The following provides a brief overview for the most common analysis required for each type of Monte Carlo calculation. The guides in Tutorials provide a step-by-step guide to analysing HANDE calculations and explain the reasoning behind the required analysis parameters.

HANDE includes a variety of scripts and utilities in the tools subdirectory. However, these only provide a simple, command-line interface. A comprehensive python module, pyhande, drives all the analysis. pyhande is extremely powerful for dealing with complex analysis, data-driven investigation or bulk data analysis.


Fundamental Usage

QMC calculations print out data from a block of iterations (a ‘report loop’), the length of which is controlled by the mc_cycles input option. Care should be taken analysing this data and, in particular, producing accurate estimates of the errors in the means of the energy estimators. Almost all data is averaged over the report loop (see output for further details).

Note that no data is lost when quantities are summed over report loops, as the correlation length in the data is substantially longer than the length of the report loop (typically 10-20 iterations).

As the particle distribution at one iteration is not independent from the distribution at the previous iteration, estimators at each iteration are not independent. This correlation in the data needs to be taken into account when estimating standard errors. A simple and effective way of doing this is to use a blocking analysis [Flyvbjerg89].

The script (in the tools subdirectory) does this. Run

$ --help

to see the available options. Estimates for the shift and projected energy are typically obtained using

$ --start N out

respectively, where N is the starting iteration from which data should be blocked (i.e. after the calculation has equilibrated) and out is the file to which the calculation output was saved. Without –start option, this script automatically estimates the appropriate N, so you usually don’t have to give N by yourself.

Note that can accept multiple output files for the case when a calculation is restarted as follows:

$ -m out1 out2 out3

More complicated analysis can be performed in python by using the pyhande library — simply provides a convenient interface for the most common analysis tasks.

Hybrid method

Hybrid method is different choice to estimate errors from blocking analysis, which is available as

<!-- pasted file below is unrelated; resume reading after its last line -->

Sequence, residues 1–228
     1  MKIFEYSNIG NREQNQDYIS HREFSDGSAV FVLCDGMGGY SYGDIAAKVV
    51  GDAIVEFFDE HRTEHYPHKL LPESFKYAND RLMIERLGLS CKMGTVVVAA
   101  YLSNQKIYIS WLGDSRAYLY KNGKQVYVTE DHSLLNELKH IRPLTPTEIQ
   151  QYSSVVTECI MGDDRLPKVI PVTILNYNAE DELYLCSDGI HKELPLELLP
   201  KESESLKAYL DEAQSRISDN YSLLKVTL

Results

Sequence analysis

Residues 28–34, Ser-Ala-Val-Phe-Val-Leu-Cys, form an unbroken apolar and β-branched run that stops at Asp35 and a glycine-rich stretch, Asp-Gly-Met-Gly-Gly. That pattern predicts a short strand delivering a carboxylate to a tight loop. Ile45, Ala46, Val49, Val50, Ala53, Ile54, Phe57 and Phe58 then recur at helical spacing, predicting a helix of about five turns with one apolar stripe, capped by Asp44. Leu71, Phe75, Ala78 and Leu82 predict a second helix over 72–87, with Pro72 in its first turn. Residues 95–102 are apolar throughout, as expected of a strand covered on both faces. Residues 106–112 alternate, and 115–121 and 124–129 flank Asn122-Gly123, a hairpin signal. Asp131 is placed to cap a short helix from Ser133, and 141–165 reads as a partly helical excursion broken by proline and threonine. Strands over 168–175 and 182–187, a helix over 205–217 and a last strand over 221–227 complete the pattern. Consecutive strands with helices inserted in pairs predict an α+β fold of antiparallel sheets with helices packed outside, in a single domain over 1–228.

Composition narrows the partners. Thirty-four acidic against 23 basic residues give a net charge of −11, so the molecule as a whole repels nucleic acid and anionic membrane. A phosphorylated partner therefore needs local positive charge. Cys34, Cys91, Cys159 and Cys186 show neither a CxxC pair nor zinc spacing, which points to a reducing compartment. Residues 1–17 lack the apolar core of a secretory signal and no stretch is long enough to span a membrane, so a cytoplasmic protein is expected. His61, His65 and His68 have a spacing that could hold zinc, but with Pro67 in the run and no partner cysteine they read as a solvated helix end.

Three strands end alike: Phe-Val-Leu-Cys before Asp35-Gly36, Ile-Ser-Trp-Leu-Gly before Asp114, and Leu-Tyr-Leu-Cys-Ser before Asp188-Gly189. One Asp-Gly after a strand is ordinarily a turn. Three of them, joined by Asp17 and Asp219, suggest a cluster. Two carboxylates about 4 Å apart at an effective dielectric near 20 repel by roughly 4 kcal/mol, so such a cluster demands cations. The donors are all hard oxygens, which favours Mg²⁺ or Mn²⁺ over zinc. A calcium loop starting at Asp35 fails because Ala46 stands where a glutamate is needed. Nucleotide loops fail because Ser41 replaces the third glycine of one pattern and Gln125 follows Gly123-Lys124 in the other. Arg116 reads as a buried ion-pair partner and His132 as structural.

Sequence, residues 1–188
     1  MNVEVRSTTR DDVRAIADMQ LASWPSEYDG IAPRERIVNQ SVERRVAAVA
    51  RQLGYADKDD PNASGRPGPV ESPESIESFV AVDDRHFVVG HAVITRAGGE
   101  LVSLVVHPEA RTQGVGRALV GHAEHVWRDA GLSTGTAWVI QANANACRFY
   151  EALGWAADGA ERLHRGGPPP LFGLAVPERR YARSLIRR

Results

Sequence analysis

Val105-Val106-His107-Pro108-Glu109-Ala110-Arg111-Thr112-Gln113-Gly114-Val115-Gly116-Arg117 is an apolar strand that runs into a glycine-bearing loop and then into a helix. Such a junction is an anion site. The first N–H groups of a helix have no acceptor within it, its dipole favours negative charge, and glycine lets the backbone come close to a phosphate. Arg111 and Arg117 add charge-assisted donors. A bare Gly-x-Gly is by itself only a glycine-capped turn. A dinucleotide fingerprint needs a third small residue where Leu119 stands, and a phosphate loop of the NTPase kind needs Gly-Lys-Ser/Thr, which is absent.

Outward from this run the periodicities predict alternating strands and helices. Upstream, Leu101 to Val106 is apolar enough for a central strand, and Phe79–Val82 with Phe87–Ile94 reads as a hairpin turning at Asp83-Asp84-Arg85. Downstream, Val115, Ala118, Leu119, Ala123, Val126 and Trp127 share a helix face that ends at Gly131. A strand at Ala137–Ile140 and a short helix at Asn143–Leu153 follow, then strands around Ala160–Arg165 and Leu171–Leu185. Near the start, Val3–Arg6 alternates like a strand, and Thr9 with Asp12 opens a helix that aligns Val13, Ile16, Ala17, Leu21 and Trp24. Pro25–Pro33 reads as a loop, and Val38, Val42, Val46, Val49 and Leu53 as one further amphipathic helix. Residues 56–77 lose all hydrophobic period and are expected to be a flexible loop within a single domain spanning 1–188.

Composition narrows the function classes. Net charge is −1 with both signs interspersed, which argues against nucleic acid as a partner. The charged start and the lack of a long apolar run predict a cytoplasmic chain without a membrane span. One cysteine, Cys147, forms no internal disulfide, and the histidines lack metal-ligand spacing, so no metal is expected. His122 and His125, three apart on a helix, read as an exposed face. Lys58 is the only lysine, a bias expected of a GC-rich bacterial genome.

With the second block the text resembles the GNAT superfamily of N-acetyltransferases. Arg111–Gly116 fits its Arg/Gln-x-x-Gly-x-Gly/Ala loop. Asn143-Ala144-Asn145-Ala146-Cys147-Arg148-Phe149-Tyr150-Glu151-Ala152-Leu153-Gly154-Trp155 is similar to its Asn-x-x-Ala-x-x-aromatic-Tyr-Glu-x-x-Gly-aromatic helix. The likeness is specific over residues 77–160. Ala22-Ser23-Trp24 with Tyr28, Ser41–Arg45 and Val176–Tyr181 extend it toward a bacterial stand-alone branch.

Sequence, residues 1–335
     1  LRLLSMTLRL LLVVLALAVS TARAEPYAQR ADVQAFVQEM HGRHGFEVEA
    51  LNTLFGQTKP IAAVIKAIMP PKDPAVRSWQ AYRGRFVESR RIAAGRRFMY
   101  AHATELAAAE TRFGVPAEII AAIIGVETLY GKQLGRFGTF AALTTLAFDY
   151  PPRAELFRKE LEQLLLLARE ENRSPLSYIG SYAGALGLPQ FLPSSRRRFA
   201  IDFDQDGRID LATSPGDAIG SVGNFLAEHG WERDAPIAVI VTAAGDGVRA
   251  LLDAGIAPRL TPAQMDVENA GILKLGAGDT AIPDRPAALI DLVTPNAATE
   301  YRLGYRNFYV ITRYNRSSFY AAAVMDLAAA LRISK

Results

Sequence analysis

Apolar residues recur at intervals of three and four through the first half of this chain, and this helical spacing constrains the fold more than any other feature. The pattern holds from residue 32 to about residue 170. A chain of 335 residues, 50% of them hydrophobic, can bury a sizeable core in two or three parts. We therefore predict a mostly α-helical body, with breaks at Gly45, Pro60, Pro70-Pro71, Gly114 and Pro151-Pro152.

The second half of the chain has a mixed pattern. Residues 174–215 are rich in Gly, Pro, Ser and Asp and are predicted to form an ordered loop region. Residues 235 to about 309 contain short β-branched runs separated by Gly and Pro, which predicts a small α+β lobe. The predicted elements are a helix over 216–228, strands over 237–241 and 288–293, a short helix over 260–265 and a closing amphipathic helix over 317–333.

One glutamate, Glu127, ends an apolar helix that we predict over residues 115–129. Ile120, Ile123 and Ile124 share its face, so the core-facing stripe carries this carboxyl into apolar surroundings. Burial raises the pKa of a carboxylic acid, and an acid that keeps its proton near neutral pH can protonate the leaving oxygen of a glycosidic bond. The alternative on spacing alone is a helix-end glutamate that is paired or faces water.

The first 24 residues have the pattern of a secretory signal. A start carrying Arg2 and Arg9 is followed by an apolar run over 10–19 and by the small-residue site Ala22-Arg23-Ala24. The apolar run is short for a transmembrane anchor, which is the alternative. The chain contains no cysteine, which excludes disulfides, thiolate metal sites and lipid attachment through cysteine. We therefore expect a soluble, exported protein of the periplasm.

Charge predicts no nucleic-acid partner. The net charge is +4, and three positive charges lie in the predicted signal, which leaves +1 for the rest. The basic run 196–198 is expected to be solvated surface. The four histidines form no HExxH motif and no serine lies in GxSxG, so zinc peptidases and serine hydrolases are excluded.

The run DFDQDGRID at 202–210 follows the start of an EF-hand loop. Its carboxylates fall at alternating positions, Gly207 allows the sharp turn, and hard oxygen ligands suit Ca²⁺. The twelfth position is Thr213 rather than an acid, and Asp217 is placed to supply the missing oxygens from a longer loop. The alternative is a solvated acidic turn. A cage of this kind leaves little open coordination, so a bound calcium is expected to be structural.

$ -a hybrid out

Our experiment has shown that hybrid method makes more reliable estimation of errors than blocking analysis: We prepared 1000 different CCMC-SD energy time-series for Nitrogen atom, with the same calculation settung but just different random seeds. Then, the energy means and the standard errors were obtained by hybrid method and blocking analysis, and it was examined how many means coincide with the CCSD energy within the range of the errors, respectively. The expected coincidence rate for 1 sigma accuracy is 68.27%. Thus, when the actual coincidence rate is closer to this percent, the post-analysis is more reliable.

We employed two types of coincidence rate to compare reliabilities, conditional coincidence rate (CCR) and unconditional coincidence rate (UCR), which are defined by

CCR = Hit / ( Total - Failed ) * 100,
UCR = Hit / Total * 100.

Here, ‘Total’ is the total number of post-analyses (=1000), ‘Failed’ is the number of post-analyses which fails to make an estimation of the error(*), and ‘Hit’ is the number of post-analyses which makes an estimation of the error and the energy mean coincides with the CCSD energy within the standard error. (*: e.g. ‘Shift is not started yet’ in the case of blocking method)

In the following figures, the former (latter) compares the CCRs (UCRs) obtained using hybrid method and blocking analysis for different lengths of time-series. Both figure shows that the CR of hybrid method is closer to 68.27% for short lengths of time-series.

(Source code, png, hires.png, pdf)


(Source code, png, hires.png, pdf)


MSER minimization

There are two choices of method to estimate starting iterations, one is originally implemented in (here call it ‘WREE minimization’) and the other is the newly implemented, named ‘MSER minimization’. The new method is available as

$ -b mser_min out

These two methods are compared in a unpublished work, where it is established that WREE minimization discards extra much iterations, when length of time-series is large. On the other hand, MSER minimization always gives constant estimation of starting iterations, independent of length of time-series.

Canonical Total Energy MC

The configurations and resulting estimates in a canonical total energy calculation are statistically independent and therefore no blocking analysis is required. The script is available in tools/canonical_energy/ which performs the appropriate averaging and standard error analysis on the output file using the pyhande suite.


No blocking analysis is required for the error analysis of DMQMC calculations as estimates are averaged over statistically independent runs. The script in tools/dmqmc can be used to perform a standard error analysis of the Monte Carlo data for a number of different observables.